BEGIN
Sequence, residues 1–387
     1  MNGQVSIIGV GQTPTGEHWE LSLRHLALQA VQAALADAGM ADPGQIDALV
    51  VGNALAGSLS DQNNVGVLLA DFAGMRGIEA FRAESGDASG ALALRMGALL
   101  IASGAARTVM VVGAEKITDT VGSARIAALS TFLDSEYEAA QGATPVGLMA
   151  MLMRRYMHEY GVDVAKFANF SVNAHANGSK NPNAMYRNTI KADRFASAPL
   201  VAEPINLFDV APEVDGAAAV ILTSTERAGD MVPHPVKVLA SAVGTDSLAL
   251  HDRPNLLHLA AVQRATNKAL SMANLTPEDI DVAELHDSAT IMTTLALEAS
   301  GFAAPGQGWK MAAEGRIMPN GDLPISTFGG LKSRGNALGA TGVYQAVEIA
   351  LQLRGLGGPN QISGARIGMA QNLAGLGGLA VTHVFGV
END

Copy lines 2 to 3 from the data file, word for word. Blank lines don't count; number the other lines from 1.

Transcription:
     1  MNGQVSIIGV GQTPTGEHWE LSLRHLALQA VQAALADAGM ADPGQIDALV
    51  VGNALAGSLS DQNNVGVLLA DFAGMRGIEA FRAESGDASG ALALRMGALL